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The Role of Learning in Life, and Its Factors

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Words: 1084 |

Pages: 3|

6 min read

Published: May 7, 2019

Words: 1084|Pages: 3|6 min read

Published: May 7, 2019

Table of contents

  1. What is learning? (essay)
  2. Individual Learning Differences
  3. Conclusion
  4. Works Cited

The process of learning is a continuous journey that lasts a lifetime. As Alvin Toffler once said, “learning is like rowing upstream; not to advance is to drop back,” and this couldn’t be truer. Learning is a crucial aspect of life that allows us to grow and develop as individuals. It is not just limited to academic settings but extends to various aspects of life, such as personal experiences and professional endeavors. Scholars and educators have conducted extensive research to develop innovative approaches to enhance our understanding and retention of knowledge. Therefore, it is essential to write an essay about learning in life to acknowledge its importance and explore its impact on personal growth and development.

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What is learning? (essay)

Learning is a broad term that is used to define the acquisition of obtaining, absorbing and understanding new or additional knowledge that modifies our behaviours, skills and our comprehension. We constantly learn throughout all stages of our life; from infancy where we learn to move, grasp and make sounds, to our childhood when we develop our vocabulary, begin to write and problem solve and in our adolescences and adulthood where we become capable of abstract thoughts and processing complex ideas. When we learn we are advancing biologically, psychologically and emotionally as a response to gaining new knowledge and information that impacts how we express and understand our emotions, interactions and moral values.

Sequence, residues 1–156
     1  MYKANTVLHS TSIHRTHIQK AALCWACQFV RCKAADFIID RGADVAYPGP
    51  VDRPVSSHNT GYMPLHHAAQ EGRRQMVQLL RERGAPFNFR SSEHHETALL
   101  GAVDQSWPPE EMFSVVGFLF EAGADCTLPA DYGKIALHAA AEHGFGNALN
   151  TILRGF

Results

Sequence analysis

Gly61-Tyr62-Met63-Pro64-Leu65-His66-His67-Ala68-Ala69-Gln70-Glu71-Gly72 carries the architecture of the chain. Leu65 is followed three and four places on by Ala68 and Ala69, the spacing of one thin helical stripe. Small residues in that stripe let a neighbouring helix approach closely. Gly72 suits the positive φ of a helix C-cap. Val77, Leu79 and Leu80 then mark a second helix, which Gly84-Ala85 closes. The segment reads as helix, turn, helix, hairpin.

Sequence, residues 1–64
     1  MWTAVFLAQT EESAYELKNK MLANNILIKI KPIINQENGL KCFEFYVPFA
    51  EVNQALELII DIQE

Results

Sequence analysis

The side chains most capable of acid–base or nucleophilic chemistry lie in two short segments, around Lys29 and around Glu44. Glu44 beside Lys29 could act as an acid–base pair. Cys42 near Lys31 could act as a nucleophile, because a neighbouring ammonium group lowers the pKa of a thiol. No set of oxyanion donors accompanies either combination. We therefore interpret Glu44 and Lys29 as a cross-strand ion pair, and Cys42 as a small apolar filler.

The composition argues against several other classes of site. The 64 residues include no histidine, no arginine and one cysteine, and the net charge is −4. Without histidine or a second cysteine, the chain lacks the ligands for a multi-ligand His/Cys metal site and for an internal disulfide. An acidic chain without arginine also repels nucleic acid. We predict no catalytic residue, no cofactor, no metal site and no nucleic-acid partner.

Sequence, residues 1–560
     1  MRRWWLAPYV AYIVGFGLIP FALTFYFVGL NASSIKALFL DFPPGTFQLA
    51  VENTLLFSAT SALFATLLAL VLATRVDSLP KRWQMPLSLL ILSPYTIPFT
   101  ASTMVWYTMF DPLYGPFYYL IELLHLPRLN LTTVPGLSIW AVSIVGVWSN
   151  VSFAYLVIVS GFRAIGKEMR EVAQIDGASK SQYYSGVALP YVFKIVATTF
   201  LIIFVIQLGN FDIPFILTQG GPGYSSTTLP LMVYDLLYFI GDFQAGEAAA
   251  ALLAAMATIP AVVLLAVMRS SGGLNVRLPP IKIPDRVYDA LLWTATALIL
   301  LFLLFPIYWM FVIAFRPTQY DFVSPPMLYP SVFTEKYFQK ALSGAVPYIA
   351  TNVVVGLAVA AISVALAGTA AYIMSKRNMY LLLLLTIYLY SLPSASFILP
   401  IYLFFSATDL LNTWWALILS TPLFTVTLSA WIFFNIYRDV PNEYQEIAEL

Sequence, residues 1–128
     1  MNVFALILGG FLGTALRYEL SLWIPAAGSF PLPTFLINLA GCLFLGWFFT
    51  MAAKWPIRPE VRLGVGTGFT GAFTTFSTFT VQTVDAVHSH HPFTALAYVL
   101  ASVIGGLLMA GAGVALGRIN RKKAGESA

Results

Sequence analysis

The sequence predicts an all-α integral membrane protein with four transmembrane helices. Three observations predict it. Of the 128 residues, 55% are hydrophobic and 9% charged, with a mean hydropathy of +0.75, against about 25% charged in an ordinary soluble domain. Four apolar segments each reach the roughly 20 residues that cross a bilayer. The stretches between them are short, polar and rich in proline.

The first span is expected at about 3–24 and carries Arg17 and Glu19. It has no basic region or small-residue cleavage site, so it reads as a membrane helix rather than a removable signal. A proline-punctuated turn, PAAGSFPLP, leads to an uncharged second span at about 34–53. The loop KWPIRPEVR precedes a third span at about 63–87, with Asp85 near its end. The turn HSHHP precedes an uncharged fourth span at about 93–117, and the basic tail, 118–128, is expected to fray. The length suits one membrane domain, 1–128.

The term epistemology is used to describe the study of acquiring knowledge in consideration to the methods and categories in which it is processed and organised in our memory. In order to learn and process knowledge we need to be able to store and access information in our long term memory by understanding the information and the components of it. Our long term memory is broken into two parts; declarative knowledge and procedural knowledge, in which our declarative memory is general world knowledge, facts and personal experiences, while our procedural memory is our skills and abilities. In childhood education we are taught how to process information in a manner that can be stored and accessed in a logical manner by how we classify things in conjunctive concepts. Conjunctive concepts of interpreting knowledge are based on the structure of having consistent rules that apply to the information allowing for us to determine its class by the characteristics that it possesses. An example of a conjunctive concept is the term ‘sister’. In order for someone to be classified as a sister they need to have all of the attributes of this concept, being a female and being a sibling to the subject. The comparison to this is a disjunctive concept by which something is characterised by different attributes that may or may not share elements in common, for example a girl with blue eyes and a girl with brown eyes. In this example the concept of ‘girl’ is shared, however the attribute of their eye colour is different. Another example of a conjunctive concept is a shape with 4 sides and 4 corners. This shape, we know, is classified as a quadrilateral. Disjunctive information in this example would include information such as saying the quadrilateral is blue. If you said that the sides of the quadrilateral were all the same length, a student could then make the conjunctive decision that the quadrilateral is in fact a square.